> The reporter seems to have done an excellent job of it


I think that a reasonable but not airtight case can be made that: 1)
the lab was both not nice and not ethical; and 2) either Ressiot did a
lousy job or else he, too, was unethical (or both).
 
S

Sandy

Guest
Dans le message de
news:[email protected],
[email protected] <[email protected]> a réfléchi, et
puis a déclaré :
> On May 28, 9:29 am, "Sandy" wrote:
>> I have less memory of how the results ended up outside the lab.
>> I would appreciate knowing, as that could change my estimation.
>> [...] Not nice, but not necessarily unethical. [...]
>> The reporter seems to have done an excellent job of it

>
> I think that a reasonable but not airtight case can be made that: 1)
> the lab was both not nice and not ethical; and 2) either Ressiot did a
> lousy job or else he, too, was unethical (or both).


Working from memory, and one eye, I recall that the results of the extra
Armstrong tests were presented to WADA quite a while before they became
public. It would likely be in that transmission chain, or after its end,
that the results were disclosed.

Something I have learned is that almost no commercial entity is concerned
with "ethics" if it does not also involve a legal violation. That is the
kind of distinction I have often been presented with in counselling clients.
It's not my job to be the moral guidepost, and it would likely be a
pointless effort.

Again, you may have better knowledge of the point of disclosure of the lab
results.

I do think that you and I agree that the "new test" has never been set forth
in detail, nor has the test become part of procedural norms. Tell me if I
err.
--
Bonne route !

Sandy
Verneuil-sur-Seine FR
 
R

Robert Chung

Guest
On May 29, 3:02 pm, "Sandy" <[email protected]> wrote:
> Working from memory, and one eye, I recall that the results of the extra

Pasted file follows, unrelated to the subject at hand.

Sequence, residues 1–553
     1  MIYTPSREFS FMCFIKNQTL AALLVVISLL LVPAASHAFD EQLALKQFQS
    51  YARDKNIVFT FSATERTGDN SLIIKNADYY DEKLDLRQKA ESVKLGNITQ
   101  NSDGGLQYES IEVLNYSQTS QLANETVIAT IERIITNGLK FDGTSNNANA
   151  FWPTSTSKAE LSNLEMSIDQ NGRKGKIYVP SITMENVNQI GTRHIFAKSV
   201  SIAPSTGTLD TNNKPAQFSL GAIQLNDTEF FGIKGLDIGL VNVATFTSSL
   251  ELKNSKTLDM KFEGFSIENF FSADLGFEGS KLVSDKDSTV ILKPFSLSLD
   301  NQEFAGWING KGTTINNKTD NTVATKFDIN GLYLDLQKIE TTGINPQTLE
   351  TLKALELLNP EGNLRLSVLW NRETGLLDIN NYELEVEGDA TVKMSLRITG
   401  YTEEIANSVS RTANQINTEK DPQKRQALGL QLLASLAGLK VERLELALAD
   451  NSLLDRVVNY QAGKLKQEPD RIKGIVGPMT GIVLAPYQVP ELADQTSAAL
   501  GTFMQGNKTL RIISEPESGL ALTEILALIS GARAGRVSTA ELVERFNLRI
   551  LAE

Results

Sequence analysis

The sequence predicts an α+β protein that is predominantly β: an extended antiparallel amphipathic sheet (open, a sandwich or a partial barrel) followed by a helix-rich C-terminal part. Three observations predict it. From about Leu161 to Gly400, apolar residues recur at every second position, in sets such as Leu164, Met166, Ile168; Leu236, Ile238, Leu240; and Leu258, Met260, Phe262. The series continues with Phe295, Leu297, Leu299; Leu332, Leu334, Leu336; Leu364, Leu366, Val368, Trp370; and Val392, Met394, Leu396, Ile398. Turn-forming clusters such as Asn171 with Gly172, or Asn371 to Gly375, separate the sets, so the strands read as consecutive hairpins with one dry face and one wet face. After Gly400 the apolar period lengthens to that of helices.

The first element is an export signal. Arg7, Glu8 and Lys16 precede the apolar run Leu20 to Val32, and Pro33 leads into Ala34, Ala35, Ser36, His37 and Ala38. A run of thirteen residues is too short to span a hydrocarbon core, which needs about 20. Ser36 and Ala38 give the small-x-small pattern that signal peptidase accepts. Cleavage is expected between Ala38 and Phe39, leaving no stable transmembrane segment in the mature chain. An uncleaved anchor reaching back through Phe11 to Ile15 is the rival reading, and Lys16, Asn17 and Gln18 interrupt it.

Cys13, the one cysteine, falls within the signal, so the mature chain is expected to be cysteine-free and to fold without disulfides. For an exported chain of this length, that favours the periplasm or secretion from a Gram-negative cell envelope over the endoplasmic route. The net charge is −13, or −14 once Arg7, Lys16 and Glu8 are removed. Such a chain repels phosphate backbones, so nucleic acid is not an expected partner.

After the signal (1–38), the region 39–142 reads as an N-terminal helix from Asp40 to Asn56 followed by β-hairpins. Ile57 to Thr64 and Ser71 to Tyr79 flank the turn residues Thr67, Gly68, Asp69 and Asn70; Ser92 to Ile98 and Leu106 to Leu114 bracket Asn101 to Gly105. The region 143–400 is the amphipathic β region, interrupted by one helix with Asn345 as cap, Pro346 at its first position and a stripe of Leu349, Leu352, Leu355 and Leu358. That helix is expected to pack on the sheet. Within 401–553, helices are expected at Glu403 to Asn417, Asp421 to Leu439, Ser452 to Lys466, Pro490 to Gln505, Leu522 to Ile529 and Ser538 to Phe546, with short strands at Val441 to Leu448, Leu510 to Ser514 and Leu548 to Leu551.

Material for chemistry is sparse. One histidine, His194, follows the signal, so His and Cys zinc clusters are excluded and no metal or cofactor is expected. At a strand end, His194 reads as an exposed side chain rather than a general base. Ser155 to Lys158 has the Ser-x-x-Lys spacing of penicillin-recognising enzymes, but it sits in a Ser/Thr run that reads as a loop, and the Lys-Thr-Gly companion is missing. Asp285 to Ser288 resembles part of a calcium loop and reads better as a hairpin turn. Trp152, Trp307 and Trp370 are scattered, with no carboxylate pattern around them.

> Armstrong tests were presented to WADA quite a while before they became
> public. It would likely be in that transmission chain, or after its end,
> that the results were disclosed.


The results were never publicly disclosed.

> Something I have learned is that almost no commercial entity is concerned
> with "ethics" if it does not also involve a legal violation.


I don't know about France but in California the release of a table
such as the one published in L'Equipe would be both an ethical and a
legal violation, even if those data are collected by a commercial
entity.

> I do think that you and I agree that the "new test" has never been set forth
> in detail, nor has the test become part of procedural norms. Tell me if I
> err.


AFAIK, the new test has never been set forth in detail. However, WADA
doesn't have to announce when a test becomes part of a procedural
norm: they can phase in a test whenever they want. As we saw with the
homologous blood doping test, they don't need to estimate the false
positive rate or release any other validation data. And, as we saw in
the Landis case, individual labs can evidently set their own
positivity standards: Landis' tests would not have been considered
positive at the UCLA lab.
 
S

SLAVE of THE STATE

Guest
On May 27, 5:12 am, Simon "Doc" Brooke <[email protected]> wrote:

> ... people who lose testicles
> normally have lower than normal testosterone.


Okay Doc.

-----------------------------------
http://www.tc-cancer.com/tcsex.html

Having one testicle removed

If you have had one testicle removed there is often no reason why your
ability to father children, sexual performance or sexual appetite
should be affected. The remaining testicle will usually make more
testosterone (the male sex hormone) and sperm to make up for the one
that has been removed.
---------------------------

http://www.cancerhelp.org.uk/help/default.asp?page=3396

Orchidectomy
If you have one testicle removed, there are no lasting side effects.
The other testicle makes up for the missing one by making more
testosterone and sperm.
 
H

Howard Kveck

Guest
In article <[email protected]>,
Robert Chung <[email protected]> wrote:

> On May 29, 3:02 pm, "Sandy" <[email protected]> wrote:


> > I do think that you and I agree that the "new test" has never been set forth
> > in detail, nor has the test become part of procedural norms. Tell me if I
> > err.

>
> AFAIK, the new test has never been set forth in detail. However, WADA
> doesn't have to announce when a test becomes part of a procedural
> norm: they can phase in a test whenever they want. As we saw with the
> homologous blood doping test, they don't need to estimate the false
> positive rate or release any other validation data. And, as we saw in
> the Landis case, individual labs can evidently set their own
> positivity standards: Landis' tests would not have been considered
> positive at the UCLA lab.


This last aspect is really troublesome to me. I guess that's where Pound can get
the idea that he needs a "positive reader." I think the standards should be, well,
standard.

--
tanx,
Howard

Never take a tenant with a monkey.

remove YOUR SHOES to reply, ok?